Take a Walk on Joseph Arthur’s Side
How does one properly commemorate a friend’s life through art? The life of any individual encompasses innumerable facets that anyone sane would consider too lofty to fully explore and do justice towards; furthermore, if that friend were Lou Reed, wouldn’t that goal be even more unattainable? Apparently, these thoughts never crossed the mind of ambitious singer-songwriter-visual artist Joseph Arthur, whose newest album Lou pays tribute to a friend and artist who undoubtedly revolutionized music from the 1960s onwards.
At first listen, Lou seems like shtick on Arthur’s part, synthesizing Reed’s raunchy musicality and lyrics through coffeehouse-esque downtempo covers, essentially eliminating many of the provoking and groundbreaking qualities of the original music. Further analysis, however, proves this is not the case; Arthur’s piano and guitar-based instrumentation coupled with his soulful baritone voice are rife with sincerity. It seems that Arthur is hurting from the loss of someone who was both an influence and companion in his life, and the accompanying catharsis is this album.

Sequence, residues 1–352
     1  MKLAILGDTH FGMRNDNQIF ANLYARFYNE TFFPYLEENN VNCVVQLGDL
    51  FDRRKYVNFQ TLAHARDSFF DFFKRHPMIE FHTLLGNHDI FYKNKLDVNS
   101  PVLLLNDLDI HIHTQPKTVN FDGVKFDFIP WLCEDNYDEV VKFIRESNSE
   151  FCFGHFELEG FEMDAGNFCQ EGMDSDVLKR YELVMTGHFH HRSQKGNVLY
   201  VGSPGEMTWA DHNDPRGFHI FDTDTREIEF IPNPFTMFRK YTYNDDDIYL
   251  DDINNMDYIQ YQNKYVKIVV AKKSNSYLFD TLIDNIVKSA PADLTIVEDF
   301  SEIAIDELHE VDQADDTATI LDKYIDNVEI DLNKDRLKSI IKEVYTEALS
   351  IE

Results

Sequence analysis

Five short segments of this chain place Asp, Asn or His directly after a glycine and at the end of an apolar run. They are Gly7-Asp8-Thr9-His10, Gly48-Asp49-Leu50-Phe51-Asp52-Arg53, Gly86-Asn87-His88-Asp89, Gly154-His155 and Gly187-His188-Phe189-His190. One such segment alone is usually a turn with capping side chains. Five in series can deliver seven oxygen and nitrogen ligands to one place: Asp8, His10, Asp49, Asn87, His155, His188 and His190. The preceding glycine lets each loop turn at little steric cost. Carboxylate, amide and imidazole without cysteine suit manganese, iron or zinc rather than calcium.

Arthur’s covers of “Walk on the Wild Side” and “Heroin” are heartbreaking, beautiful, and definite standouts on this release, and his ability to convey Reed’s energy and eclectics through such a drastically different medium is to be commended. Additionally, despite the fact that the entire album utilizes both piano and acoustic guitar, Joseph Arthur manages to keep Lou warm from beginning to end.
Rarely does a tribute album merit such praise, and almost never does a release like this come from one artist exclusively. However, Arthur’s nuanced understanding of the music of Lou Reed coupled with a vision of his own makes Lou impeccable and almost without flaw. Even to the unfamiliar ear this release deserves a listen, and heightens the anticipation of Joseph Arthur’s next, original composition.